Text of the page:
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|Title:||Cointegration and US Regional gasoline prices: Testing market efficiency from the stationarity of price proportions|
|Keywords:||Gasoline;Stationarity;Cointegration;ARCH;Price differential;Market Efficiency;Arbitrage;Collusion|
|Citation:||Economics and Finance Working Paper, Brunel University: 13-03, Feb 2013|
|Abstract:||It is well known that oil price shocks are a major concern to the health of the global economy. Unstable oil prices have a significant negative impact on consumer confidence and business decision making. As a result economic recovery may be longer and more complicated. Controlling the global oil price may not be possible, but a main concern of this research relates to energy market efficiency and as to whether relative price differences respond in an appropriate way across the region of one country. Here, the different geographic areas of a country are analysed to see whether they belong to the same market and result in the relative prices being stationary. The gasoline market in different regions of the US is analyzed. It is believed that if the gasoline market is sufficiently active in the US, then as a result of arbitrage, long-run gasoline prices by region should follow each other. In an efficient market, a price shock in one region would be reflected in all other prices. This proposition is tested in an effective manner by a barrage of stationarity tests. This is pertinent as such tests have been applied in antitrust cases in Italy and the Netherlands to determine whether there might be market imperfections or in association with more heuristic information, possible collusion.|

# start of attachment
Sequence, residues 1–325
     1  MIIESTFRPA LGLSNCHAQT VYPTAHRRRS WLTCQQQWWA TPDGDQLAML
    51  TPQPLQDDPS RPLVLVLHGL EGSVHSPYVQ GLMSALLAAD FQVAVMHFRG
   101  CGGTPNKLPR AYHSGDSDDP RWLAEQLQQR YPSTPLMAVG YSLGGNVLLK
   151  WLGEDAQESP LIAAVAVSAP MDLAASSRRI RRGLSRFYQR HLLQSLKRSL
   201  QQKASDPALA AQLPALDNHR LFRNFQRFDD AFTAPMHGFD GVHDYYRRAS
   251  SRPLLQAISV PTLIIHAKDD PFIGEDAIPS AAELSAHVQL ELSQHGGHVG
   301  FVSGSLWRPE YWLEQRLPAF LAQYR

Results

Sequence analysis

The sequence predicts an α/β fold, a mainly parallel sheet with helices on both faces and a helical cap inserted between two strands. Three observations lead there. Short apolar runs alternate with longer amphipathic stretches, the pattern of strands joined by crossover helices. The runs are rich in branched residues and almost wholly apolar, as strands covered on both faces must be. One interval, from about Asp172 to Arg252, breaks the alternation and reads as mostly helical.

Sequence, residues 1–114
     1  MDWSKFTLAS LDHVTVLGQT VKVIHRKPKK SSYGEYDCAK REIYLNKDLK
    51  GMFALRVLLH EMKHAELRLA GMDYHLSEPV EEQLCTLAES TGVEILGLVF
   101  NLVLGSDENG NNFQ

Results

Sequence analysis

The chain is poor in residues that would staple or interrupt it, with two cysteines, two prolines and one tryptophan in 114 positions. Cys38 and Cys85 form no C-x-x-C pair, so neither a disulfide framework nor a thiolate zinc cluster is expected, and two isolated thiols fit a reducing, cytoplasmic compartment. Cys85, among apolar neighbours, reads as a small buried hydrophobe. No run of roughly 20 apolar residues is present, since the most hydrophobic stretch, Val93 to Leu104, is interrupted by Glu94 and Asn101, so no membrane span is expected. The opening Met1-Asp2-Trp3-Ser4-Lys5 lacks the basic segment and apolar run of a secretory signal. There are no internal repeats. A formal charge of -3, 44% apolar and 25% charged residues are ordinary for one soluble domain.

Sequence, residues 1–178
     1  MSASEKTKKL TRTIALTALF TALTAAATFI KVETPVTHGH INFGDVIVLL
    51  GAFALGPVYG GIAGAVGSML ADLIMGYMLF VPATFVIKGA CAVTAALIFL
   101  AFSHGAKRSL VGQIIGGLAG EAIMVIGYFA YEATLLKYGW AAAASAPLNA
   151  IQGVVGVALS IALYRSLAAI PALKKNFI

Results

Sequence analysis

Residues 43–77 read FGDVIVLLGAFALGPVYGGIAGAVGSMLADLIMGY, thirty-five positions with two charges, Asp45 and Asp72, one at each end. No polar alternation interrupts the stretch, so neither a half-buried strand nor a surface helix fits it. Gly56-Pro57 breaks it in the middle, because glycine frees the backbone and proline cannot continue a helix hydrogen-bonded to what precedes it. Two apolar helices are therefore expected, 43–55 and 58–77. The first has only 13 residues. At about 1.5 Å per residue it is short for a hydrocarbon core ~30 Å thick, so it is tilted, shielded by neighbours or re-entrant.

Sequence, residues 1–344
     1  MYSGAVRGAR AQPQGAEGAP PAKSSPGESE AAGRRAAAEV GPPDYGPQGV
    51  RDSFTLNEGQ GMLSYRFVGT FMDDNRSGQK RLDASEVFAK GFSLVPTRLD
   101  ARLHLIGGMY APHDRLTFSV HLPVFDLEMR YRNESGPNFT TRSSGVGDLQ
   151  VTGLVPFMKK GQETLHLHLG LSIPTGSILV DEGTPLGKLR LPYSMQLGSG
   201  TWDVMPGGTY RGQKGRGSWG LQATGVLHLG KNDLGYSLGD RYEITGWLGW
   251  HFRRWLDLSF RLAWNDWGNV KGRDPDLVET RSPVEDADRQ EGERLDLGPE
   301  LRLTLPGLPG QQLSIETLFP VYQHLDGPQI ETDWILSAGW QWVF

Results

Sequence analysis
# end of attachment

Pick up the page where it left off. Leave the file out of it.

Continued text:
|Appears in Collections:||Economics and Finance|
Dept of Economics and Finance Research Papers
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